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Heart Healthy Nutrition: Folate for Your Heart


It is no secret that a diet rich in nutritious foods is important to your heart health, but it can be tricky to figure out which vitamins are most beneficial. As you consider which superfoods to add to your plate, be sure you have a daily dose of folate or folic acid. This powerhouse nutrient can help reduce your risk of heart disease in addition to supporting your overall health and wellness.

What Is Folate and Folic Acid?

Folate is a B vitamin, which is needed to grow new red blood cells and is critical during times of rapid growth within the body. It is naturally found in foods such as fruits and vegetables. Another form of folate is known as folic acid, which is found in dietary supplements, such as a multivitamin. Folic acid is also part of fortified foods, or foods with nutrients added to them.

Folate and folic acid can benefit your heart health, such as a reduced risk of heart disease and stroke, especially if you are living with high blood pressure.1 These nutrients, along with other B vitamins, may lower your levels of homocysteine, an amino acid produced in the body. Too much homocysteine can damage the lining of the arteries, make your blood clot and lead to a heart attack. Help prevent high levels of homocysteine with your daily dose of folate or folic acid.

How Much Do I Need?

The amount of folate needed varies based on your age and life stage. For adults over the age of 19, the National Institutes of Health recommends 400 micrograms of dietary folate equivalent. More is recommended for women who are pregnant or breastfeeding.2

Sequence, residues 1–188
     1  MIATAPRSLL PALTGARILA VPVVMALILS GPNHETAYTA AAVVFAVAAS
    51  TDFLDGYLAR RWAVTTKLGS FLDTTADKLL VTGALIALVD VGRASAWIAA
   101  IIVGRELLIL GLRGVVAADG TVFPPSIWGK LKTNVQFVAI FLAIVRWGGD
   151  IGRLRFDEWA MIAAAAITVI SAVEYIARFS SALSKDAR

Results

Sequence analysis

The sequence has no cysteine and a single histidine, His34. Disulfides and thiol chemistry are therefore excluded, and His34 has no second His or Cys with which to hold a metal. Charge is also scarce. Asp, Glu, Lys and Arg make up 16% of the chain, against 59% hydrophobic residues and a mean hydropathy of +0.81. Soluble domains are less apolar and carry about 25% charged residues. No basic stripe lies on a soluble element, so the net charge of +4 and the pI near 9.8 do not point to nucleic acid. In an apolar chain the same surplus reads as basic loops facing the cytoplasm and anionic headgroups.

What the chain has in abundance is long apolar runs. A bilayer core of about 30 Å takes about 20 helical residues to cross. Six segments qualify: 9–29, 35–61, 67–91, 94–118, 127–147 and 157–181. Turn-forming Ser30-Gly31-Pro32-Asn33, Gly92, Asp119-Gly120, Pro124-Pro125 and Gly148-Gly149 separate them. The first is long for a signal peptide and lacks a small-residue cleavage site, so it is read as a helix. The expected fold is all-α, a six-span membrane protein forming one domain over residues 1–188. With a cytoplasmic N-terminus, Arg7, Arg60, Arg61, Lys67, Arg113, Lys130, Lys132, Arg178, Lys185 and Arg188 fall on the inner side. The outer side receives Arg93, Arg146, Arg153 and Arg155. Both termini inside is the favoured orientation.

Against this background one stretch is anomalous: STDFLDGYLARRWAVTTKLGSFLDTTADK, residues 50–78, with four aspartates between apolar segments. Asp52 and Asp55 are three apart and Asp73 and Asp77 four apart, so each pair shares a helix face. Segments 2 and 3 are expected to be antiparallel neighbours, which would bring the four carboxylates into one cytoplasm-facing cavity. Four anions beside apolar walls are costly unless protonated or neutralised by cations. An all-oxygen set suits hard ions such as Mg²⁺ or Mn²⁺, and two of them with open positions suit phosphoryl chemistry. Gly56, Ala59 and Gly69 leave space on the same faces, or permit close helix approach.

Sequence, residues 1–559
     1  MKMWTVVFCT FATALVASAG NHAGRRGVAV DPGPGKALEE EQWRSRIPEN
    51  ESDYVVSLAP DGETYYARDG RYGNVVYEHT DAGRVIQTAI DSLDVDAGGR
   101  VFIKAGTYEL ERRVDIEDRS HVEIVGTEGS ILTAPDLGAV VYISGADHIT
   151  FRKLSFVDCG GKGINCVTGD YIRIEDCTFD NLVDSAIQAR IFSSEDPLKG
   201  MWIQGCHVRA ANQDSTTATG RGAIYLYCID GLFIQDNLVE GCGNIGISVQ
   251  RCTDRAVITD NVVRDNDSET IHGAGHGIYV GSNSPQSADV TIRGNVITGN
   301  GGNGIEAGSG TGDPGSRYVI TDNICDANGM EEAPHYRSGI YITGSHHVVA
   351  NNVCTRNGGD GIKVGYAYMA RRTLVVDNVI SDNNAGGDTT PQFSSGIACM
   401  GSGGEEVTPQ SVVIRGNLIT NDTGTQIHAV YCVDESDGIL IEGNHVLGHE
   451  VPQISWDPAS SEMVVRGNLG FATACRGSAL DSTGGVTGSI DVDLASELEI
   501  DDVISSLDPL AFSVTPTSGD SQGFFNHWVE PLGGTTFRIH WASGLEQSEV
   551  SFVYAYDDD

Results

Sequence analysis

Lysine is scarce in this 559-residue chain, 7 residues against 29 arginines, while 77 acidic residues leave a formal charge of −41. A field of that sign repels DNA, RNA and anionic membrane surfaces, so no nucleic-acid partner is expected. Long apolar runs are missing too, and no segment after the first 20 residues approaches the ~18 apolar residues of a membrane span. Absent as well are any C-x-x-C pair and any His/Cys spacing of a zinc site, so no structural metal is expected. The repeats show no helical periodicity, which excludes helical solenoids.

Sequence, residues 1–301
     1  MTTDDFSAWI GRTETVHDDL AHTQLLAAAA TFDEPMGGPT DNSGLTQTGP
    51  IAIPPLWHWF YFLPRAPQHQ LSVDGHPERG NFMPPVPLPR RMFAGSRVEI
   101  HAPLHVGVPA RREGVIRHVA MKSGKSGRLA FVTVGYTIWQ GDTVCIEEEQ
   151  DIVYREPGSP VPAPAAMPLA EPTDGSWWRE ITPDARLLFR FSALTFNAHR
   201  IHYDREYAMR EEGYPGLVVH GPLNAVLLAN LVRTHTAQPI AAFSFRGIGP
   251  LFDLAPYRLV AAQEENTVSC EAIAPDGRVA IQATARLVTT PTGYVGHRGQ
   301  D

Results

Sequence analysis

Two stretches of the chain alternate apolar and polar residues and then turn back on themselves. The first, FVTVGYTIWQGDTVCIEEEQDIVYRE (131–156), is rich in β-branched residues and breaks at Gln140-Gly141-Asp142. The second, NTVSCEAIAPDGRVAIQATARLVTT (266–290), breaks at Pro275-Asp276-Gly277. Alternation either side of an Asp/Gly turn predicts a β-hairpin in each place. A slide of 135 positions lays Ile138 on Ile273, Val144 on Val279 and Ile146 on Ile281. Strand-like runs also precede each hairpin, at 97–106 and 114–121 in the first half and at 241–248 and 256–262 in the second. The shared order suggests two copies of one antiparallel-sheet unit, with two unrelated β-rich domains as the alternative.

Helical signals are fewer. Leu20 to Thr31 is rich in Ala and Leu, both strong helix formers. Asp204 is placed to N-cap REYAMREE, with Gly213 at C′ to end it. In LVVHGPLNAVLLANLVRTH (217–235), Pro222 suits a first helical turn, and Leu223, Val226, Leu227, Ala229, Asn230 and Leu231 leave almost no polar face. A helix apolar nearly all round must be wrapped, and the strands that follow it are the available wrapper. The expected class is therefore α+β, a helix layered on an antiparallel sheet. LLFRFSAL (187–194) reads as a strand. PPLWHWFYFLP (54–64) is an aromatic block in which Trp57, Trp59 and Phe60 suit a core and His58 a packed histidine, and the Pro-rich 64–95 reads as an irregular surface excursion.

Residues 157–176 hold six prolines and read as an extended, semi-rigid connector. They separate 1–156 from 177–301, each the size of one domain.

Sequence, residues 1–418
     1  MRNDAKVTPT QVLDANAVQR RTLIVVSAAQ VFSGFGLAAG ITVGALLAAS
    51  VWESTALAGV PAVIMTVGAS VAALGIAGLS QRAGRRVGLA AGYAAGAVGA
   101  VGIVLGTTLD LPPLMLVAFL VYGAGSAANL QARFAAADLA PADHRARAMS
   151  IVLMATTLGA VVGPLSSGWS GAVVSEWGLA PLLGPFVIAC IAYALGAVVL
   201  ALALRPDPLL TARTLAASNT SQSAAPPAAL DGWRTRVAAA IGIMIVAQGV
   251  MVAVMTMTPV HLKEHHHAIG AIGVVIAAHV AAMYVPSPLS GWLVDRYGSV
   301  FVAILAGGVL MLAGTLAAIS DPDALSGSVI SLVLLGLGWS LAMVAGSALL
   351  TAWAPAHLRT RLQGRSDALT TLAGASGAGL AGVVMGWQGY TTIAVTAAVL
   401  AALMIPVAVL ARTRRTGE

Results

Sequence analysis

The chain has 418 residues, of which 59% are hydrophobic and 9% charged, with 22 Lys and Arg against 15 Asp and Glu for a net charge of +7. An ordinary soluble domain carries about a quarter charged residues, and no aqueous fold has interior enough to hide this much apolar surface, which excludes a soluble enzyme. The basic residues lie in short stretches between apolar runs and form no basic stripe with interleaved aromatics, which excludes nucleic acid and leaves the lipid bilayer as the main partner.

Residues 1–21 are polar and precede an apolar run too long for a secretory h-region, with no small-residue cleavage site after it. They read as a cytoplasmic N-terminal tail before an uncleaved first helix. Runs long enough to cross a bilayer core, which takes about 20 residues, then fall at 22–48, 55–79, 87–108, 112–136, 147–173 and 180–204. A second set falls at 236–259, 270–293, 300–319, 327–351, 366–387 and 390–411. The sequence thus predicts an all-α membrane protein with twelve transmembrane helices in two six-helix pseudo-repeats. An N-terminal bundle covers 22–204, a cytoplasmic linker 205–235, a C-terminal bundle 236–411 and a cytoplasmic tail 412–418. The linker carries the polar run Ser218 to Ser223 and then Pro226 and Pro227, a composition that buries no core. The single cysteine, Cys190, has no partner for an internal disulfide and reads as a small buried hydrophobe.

It is also important to note that your body absorbs folate and folic acid differently, so you may need less if you are primarily consuming folic acid from fortified foods and supplements. Or, if you do not eat many fortified foods, such as consuming a gluten-free diet, then you may need more folate.

Where Can I Find It?

A wide variety of foods naturally contain folate. Aim to add more of the following to your plate:

  • Dark green leafy vegetables (spinach, asparagus, broccoli, brussels sprouts)
  • Beef liver
  • Fruits and fruit juices (oranges and orange juice)
  • Nuts, beans, and peas

Food manufacturers add folic acid to many commonly eaten foods to help boost their nutritional value. Check the labels on the foods you already eat to find out if it has folic acid and how much. Foods that are typically fortified include:

  • Breakfast cereals
  • Rice
  • Pasta

Supplements can be an option if you find it difficult to get the recommended amount. Speak with your healthcare team about how much folate or folic acid you need and any nutritional changes that can benefit your heart health.


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